Section 221(g) of the Immigration and Nationality Act

Section 212(a) of the Immigration and Nationality Act

(1) Health-related grounds. -

(2) Criminal and related grounds. -

(3) Security and related grounds. -

(4) Public charge.-

(5) Labor certification and qualifications for certain immigrants.-

(6) Illegal entrants and immigration violators. -

(7) Documentation requirements .-

(8) Ineligible for citizenship .

(9) ALIENS PREVIOUSLY REMOVED. -

(10) MISCELLANEOUS.

(11) Lack of actual specialty occupation or specialized knowledge/managerial position in the United States for H-1B or L-1 workers

(12) Suspect degree or past experience of H-1B or L-1B workers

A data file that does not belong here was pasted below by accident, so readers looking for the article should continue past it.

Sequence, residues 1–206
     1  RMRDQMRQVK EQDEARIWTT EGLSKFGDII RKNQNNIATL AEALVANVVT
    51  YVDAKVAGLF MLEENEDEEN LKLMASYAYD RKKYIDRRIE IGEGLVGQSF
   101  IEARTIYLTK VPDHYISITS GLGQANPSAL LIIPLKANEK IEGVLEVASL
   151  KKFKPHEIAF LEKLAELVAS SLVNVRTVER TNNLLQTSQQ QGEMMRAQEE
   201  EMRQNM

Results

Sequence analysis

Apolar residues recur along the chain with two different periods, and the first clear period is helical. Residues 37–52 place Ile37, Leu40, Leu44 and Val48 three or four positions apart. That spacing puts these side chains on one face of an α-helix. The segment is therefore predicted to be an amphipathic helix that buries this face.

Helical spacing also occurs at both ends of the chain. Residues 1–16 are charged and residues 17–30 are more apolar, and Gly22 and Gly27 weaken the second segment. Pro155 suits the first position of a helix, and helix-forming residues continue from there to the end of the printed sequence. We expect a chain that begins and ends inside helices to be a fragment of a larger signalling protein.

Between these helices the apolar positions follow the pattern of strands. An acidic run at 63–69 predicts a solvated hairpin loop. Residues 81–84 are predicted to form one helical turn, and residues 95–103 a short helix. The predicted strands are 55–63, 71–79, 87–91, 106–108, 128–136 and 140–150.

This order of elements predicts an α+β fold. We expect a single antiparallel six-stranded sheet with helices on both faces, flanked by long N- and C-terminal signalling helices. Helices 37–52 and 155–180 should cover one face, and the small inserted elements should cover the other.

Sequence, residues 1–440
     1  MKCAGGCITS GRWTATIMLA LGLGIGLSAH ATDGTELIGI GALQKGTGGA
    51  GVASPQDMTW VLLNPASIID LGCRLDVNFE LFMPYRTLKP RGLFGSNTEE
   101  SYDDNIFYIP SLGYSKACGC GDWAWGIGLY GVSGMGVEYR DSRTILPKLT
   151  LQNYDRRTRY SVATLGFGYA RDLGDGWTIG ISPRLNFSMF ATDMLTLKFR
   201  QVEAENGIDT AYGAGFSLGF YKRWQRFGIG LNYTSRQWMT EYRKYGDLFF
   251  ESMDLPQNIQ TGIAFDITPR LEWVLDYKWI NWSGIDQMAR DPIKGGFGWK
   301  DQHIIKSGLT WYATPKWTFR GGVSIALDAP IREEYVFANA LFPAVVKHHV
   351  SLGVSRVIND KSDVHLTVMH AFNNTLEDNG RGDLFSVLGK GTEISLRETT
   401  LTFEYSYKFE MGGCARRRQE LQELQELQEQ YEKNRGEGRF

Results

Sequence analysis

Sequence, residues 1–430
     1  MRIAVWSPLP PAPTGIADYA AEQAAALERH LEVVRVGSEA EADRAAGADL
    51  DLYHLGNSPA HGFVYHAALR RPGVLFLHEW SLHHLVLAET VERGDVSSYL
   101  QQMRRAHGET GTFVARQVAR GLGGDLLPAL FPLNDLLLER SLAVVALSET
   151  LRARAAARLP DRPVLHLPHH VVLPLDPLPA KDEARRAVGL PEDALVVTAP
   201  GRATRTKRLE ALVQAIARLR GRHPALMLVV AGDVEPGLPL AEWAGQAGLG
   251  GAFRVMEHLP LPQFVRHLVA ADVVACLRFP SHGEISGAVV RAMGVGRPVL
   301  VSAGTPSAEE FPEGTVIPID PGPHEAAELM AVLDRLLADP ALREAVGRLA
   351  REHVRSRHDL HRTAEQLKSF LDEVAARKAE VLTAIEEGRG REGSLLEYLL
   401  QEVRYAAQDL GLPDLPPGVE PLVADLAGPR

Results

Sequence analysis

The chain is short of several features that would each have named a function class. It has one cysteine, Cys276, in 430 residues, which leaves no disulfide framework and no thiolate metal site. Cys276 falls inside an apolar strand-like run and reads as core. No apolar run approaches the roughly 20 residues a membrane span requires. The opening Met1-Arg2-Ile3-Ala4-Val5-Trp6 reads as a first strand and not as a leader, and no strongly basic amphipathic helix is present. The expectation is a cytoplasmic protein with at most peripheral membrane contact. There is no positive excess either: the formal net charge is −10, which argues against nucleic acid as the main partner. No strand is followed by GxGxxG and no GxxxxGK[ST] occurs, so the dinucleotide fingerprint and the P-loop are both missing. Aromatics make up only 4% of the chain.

(13) Negative information originating from the USCIS or DOL Site visits

(14) Past unauthorized stay in the U.S. by virtue of benching or illegal work.

Visa refusal under section 214(b), 221(g) and administrative processing are difficult to overcome as the consular officer has determined that there's insufficient evidence in the case to warrant issuance of a visa. The visa applicant has to provide evidence of strong ties to a residence abroad, or the bona fide of the relationship to the US citizen in fiance visa K1 cases, and overcome any suggestion of a sham marriage or finding of fraud.

Visas to the US are routinely denied for a variety of reasons. The US consular officer reviews the documents, investigate the individual's background, and conduct a personal interview to evaluate whether the individual is eligible.